With her ex-husband as a silent partner, Bettie set up the magazine’s headquarters in his unused office space on Shuter Street.
Bettie “hustled,” says Jane, the magazine’s general manager. “She met with the presidents of makeup companies hoping they would support her magazine. The office’s location — “a row house connected to a men’s shelter” — was less than ideal. “We would turn on our electric typewriters and cockroaches would come crawling out,” says Jane. “That memory is seared.”
The first printing bill, for $50,000, forced Bettie to remortgage her home — a process she’d repeat for every issue. After her former husband moved on to another job, Bettie produced All About You from her Mississauga home, where she worked long hours and weekends. Unable to afford a warehouse, she stored each issue’s 200,000 copies in the garage.
Despite the challenges, the magazine was a success, with distribution through London Drugs, Guardian/IDA and Big V Drug Stores. But competition from such recent launches as Flare and Toronto Life’s Fashion was fierce. “Being solo against these larger, more monied publications was very difficult,” says Jane. Needing financial backing to grow the magazine, Bettie sold All About You to Family Communications Inc., in 1982.
At Family Communications, Bettie became editor-in-chief of Today’s Bride and company vice president, holding both posts for 35 years. The only woman on the board of directors, she worked with both Jane (who oversaw the parenting division of Family Communications) and Meghan (vice president of sales) for years. The experience, says Meghan, “enriched our relationship beyond mother and daughter and we knew each other as well-rounded women and could talk about anything.”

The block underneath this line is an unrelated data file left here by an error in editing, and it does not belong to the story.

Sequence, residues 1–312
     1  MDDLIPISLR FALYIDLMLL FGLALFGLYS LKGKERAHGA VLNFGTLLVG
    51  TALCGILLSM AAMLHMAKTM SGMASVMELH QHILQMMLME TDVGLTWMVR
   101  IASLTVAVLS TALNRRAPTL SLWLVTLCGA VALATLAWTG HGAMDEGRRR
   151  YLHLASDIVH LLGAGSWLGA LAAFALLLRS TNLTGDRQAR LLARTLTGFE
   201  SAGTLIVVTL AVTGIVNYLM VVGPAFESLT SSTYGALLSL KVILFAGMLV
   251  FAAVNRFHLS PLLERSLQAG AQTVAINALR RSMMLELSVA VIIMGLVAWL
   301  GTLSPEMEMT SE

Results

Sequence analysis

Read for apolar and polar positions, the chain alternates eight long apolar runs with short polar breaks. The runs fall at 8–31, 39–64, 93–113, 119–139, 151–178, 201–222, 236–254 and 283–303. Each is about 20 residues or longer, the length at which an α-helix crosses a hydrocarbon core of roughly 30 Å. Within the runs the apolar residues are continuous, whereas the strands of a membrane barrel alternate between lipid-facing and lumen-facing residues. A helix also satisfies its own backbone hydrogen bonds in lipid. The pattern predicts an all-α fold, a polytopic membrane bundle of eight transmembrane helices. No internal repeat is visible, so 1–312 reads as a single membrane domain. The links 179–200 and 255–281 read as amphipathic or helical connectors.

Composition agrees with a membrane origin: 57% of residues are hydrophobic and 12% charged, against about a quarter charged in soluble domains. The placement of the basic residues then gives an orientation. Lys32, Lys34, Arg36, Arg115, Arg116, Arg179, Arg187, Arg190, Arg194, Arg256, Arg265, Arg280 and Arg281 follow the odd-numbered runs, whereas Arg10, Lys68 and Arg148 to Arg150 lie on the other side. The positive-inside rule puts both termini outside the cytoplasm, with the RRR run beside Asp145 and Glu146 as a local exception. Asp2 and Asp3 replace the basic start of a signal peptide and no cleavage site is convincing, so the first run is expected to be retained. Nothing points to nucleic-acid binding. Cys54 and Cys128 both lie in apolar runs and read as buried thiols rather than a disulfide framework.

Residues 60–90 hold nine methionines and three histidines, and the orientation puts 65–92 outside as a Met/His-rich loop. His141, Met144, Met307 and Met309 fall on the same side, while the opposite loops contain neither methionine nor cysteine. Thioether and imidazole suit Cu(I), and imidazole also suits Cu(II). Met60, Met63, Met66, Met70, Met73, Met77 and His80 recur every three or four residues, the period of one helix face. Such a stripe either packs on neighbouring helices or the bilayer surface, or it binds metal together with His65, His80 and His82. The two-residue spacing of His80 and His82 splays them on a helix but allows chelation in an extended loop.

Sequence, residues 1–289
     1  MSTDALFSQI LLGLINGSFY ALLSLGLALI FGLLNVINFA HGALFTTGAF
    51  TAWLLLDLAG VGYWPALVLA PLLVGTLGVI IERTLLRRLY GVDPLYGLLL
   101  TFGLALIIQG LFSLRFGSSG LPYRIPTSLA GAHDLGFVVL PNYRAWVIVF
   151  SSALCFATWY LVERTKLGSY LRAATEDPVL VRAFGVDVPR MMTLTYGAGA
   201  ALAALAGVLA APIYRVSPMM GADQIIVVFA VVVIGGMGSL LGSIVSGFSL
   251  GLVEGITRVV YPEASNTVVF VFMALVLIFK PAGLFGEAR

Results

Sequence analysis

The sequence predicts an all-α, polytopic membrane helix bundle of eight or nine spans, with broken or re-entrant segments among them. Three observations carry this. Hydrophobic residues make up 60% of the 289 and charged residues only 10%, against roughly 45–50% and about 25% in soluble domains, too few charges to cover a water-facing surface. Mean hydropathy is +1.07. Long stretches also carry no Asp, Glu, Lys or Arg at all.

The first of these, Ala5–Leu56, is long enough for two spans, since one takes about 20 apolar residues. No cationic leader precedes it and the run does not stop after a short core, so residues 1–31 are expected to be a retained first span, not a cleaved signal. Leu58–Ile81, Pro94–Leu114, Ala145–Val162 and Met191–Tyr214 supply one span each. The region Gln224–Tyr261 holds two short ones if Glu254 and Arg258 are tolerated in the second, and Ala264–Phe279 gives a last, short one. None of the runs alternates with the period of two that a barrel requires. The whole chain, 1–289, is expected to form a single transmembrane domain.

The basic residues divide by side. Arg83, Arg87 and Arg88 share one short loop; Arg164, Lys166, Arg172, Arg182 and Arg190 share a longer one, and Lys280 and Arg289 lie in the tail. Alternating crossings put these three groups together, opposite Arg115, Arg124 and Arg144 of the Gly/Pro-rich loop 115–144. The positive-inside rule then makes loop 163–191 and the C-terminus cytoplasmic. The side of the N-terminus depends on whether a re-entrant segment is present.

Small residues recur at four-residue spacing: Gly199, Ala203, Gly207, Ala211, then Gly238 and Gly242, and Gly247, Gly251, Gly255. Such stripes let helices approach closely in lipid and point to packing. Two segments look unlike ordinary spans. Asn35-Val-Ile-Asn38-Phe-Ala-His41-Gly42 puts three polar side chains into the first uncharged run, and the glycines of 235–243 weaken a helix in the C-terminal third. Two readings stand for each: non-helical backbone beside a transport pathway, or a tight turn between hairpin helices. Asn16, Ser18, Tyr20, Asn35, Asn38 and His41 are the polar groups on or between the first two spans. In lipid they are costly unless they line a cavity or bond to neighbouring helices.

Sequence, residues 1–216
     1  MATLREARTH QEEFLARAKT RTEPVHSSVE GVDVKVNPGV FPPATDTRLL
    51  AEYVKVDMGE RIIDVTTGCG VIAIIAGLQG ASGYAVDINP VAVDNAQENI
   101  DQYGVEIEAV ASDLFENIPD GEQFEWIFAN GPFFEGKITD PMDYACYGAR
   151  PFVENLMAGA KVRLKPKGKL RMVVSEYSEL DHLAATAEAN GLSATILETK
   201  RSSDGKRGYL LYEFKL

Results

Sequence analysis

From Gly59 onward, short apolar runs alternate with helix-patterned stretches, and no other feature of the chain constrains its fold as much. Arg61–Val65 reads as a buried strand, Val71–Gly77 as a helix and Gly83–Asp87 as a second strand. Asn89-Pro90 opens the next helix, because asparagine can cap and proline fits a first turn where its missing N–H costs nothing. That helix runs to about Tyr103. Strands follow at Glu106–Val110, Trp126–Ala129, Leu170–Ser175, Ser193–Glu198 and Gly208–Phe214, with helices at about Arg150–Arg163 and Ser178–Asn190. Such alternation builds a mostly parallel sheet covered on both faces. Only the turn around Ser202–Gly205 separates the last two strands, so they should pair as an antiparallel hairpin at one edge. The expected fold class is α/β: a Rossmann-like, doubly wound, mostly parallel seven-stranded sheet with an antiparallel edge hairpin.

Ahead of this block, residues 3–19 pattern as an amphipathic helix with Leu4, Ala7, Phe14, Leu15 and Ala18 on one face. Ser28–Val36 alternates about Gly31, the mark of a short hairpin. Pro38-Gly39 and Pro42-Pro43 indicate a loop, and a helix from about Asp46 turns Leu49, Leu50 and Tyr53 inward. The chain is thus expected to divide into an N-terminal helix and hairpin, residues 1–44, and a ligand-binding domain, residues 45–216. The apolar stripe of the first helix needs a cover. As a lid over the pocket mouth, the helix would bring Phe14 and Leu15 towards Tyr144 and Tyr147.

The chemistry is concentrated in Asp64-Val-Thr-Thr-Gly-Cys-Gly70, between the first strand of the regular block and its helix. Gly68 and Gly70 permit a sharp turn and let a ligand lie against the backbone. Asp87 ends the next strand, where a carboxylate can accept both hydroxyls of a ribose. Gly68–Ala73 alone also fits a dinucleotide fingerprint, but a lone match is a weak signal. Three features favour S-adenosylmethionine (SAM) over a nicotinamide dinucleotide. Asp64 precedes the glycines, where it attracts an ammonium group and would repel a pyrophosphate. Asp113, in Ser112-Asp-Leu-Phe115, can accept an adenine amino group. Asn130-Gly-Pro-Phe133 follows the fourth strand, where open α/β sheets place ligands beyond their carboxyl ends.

As fluidly as she transitioned from newspapers to magazines, Bettie made the leap into television. For eight years in the ’80s, she co-hosted CHCH’s “The New You,” a pioneering makeover show sponsored by Maybelline, with Miss Universe Karen Baldwin. “Mom spoke to the audience as if she was having a conversation around the kitchen table,” says Meghan. “She knew makeup, but more importantly, she knew how to be warm and kind.”
As “a plus-sized middle-aged woman talking about beauty and fashion,” says Jane, Bettie was ahead of her time. “Her style and her hats — she had more than 60; felt for the winter and straw for the summer — were definitely her trademark.”
An entry in Canadian Who’s Who, Bettie wrote “The Wedding Expert: 400 Things You Need to Know to Plan Your Big Day” for Random House at age 88, promoting the book on a cross-Canada tour. The grandmother to Stefanie, Michael, Bradley, Jason, Madison, Mackenzy, Davis and Christopher retired from Today’s Bride at age 90, becoming a spokesperson for the Seniors Hot Line (an initiative for seniors who lived alone). At the time of her death, she was working on a book about kindness.